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Categories
Monetary Policy
ECB signals more to come after rate hike surprise
Robert Lind
Economist

The European Central Bank raised its three policy interest rates by 50 basis points (bps) on July 21, the first hikes since 2011. Ahead of its June 9 meeting, the central bank had signaled a rate increase of 25 bps, but decided instead to accelerate its monetary tightening and push its nominal deposit rate up to 0%. In its July statement, the bank said it would continue to raise interest rates in coming meetings as it “normalizes” policy.


Below is a brief quick-take analysis from economist Robert Lind on the ECB’s decision to raise interest rates for the first time in more than a decade.


 

  • The ECB is eager to push its policy interest rates closer to a neutral level. It hasn’t defined “neutral,” but I think it means a nominal deposit rate of at least 1%–1.5%. In taking a bigger first step, the bank has effectively dropped its forward guidance and will now make decisions on rates meeting by meeting. It will be more data-dependent.
 
  • While the central bank will be keen to tighten policy further in coming months, it faces an acute policy dilemma. Higher energy prices — especially for natural gas and electricity — are likely to push headline inflation rates up further over the next three to six months.
 
  • Fears over further possible restrictions to Russian gas supply — particularly to Germany and Italy — are weighing on economic growth. Soaring energy prices and heightened uncertainty are already depressing industrial activity. 
 
  • If Russian gas is cut off, inflation will likely go even higher, which would indicate, in my view, that the ECB ought to keep tightening monetary policy. It might sound economically unwise to raise rates when an economy is experiencing recessionary pressures, but I think not doing so could create significant strains within the eurozone and within the central bank.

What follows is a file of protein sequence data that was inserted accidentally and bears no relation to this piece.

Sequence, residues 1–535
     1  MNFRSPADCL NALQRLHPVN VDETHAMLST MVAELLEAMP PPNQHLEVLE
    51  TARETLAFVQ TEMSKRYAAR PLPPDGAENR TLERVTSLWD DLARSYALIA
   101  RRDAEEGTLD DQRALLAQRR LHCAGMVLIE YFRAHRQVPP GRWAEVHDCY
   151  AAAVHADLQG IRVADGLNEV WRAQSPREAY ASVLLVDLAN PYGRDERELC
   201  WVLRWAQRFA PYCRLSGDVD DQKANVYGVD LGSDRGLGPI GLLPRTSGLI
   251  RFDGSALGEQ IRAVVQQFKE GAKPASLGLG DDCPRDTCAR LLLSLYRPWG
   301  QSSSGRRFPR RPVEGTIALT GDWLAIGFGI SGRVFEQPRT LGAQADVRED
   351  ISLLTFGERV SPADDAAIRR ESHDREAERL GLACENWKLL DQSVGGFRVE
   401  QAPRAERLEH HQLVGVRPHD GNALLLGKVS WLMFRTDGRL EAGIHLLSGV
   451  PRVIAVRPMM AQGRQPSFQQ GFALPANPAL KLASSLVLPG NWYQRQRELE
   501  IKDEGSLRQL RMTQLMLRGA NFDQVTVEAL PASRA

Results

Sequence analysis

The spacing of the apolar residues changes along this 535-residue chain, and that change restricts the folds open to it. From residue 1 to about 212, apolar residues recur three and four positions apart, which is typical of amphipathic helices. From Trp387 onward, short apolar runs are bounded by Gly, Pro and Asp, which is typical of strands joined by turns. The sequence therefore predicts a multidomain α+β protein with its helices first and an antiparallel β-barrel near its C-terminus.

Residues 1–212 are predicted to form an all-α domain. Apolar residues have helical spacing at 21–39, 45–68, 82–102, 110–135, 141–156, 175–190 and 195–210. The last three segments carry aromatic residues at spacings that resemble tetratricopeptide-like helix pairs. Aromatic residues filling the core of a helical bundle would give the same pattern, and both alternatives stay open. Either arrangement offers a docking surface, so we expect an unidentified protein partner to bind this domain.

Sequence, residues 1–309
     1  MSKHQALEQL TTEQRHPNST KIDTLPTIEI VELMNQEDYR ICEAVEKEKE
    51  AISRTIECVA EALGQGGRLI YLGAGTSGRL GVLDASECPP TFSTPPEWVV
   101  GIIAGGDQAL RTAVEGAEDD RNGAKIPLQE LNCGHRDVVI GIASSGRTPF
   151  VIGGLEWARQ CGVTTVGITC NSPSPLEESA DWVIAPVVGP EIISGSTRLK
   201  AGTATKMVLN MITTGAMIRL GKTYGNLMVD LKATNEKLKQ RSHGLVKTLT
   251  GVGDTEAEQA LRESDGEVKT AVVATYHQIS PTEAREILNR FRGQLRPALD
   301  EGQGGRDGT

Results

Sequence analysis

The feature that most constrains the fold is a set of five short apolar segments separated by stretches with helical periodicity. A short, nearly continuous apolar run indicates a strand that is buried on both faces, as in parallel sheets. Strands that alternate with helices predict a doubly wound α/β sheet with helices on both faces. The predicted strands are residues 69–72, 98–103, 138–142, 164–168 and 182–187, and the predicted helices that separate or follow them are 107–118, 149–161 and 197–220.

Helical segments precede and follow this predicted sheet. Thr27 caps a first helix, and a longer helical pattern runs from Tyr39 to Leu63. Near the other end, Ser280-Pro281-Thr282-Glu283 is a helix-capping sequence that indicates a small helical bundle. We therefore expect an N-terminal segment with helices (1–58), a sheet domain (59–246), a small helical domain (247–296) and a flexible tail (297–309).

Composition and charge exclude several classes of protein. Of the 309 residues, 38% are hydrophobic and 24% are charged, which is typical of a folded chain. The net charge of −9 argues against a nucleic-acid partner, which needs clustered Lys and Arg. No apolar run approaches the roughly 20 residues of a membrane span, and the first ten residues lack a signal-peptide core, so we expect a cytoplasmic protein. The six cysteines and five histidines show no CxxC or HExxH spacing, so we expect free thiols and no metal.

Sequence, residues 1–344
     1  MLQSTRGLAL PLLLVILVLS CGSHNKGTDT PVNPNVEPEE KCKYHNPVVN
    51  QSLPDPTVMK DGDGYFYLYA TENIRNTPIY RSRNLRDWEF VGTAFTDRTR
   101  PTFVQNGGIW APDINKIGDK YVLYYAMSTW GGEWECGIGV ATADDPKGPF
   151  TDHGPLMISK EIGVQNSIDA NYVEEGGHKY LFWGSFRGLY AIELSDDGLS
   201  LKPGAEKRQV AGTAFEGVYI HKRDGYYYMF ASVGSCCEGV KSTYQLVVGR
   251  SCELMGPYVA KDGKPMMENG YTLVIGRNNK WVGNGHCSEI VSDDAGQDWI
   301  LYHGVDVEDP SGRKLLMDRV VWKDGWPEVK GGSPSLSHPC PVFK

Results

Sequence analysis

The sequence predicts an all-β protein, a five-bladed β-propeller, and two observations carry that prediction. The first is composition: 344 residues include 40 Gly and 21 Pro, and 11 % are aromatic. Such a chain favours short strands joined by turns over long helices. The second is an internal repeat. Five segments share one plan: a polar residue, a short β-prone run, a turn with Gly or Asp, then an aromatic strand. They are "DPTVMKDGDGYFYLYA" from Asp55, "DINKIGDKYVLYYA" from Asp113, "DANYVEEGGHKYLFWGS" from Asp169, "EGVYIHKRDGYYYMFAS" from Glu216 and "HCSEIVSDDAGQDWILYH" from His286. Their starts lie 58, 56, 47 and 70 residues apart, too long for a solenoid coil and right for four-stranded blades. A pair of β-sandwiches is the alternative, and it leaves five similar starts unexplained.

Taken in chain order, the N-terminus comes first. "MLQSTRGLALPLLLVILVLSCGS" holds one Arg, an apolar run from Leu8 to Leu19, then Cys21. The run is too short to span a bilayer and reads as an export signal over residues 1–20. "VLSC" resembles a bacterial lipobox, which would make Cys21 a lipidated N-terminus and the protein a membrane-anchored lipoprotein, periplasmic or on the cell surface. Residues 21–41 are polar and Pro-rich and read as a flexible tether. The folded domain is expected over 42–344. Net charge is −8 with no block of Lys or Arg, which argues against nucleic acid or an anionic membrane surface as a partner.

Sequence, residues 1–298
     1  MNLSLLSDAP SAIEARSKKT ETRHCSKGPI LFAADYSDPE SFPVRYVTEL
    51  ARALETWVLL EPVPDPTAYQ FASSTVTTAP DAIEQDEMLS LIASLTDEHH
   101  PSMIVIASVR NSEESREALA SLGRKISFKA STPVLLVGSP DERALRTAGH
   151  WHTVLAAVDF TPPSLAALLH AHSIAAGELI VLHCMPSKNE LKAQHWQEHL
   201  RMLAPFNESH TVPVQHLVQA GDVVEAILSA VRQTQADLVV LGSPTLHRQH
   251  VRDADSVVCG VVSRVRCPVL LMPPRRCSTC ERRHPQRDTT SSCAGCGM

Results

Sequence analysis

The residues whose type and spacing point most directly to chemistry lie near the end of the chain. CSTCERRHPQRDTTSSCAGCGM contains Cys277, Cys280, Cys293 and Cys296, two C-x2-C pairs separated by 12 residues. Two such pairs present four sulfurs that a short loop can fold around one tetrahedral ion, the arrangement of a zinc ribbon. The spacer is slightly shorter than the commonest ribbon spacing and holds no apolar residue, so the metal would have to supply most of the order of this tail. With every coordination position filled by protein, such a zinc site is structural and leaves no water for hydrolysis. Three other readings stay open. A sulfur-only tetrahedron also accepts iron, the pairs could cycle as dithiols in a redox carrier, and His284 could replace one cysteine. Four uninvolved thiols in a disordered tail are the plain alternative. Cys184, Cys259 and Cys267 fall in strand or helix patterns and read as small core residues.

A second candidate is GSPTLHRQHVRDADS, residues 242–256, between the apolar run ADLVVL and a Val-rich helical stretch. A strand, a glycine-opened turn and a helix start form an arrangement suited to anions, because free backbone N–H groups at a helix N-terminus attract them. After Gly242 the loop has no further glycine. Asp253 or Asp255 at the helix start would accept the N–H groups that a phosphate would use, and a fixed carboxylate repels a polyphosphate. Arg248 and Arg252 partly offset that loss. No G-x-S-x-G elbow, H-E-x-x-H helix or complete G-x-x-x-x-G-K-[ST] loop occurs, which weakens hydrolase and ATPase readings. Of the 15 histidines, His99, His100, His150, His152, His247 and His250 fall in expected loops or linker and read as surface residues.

• Early in 2023, we are likely to see more evidence of the damage to real activity from gas supply disruption and higher energy prices. Also, inflation could have peaked by then, encouraging the ECB to halt its tightening cycle.
 
  • Alongside its rate decisions, the ECB announced a new asset purchasing program, the Transmission Protection Instrument (TPI), which it will use to manage spreads between government bond yields of European countries. The ECB statement also suggested that unanimous agreement on the TPI and the fact that flexible reinvestments are now available through the existing pandemic emergency purchase program (PEPP) had allowed a bigger move in policy interest rates.
 
  • There are no ex-ante limits on the TPI, but the central bank will use its discretion to judge if a country meets four conditions before activating the TPI: a country must comply with the European Union’s fiscal framework, it must be on a sustainable fiscal path, there must be an absence of severe macroeconomic imbalances, and it should be following sound and sustainable macro policies. 
 
  • The ECB must also judge whether the activation of the TPI is proportionate to its inflation goal (to ensure it complies with the Maastricht Treaty and to prevent any challenge from the German constitutional court). It is clear the central bank hopes the announcement will ease market strains (particularly for Italian government bonds) and that it won’t have to deploy the TPI, which would potentially drag it into treacherous fiscal-political waters.   


Robert Lind is an economist with 34 years of industry experience (as of 12/31/2021). He holds a bachelor's degree in philosophy, politics and economics from Oxford University.


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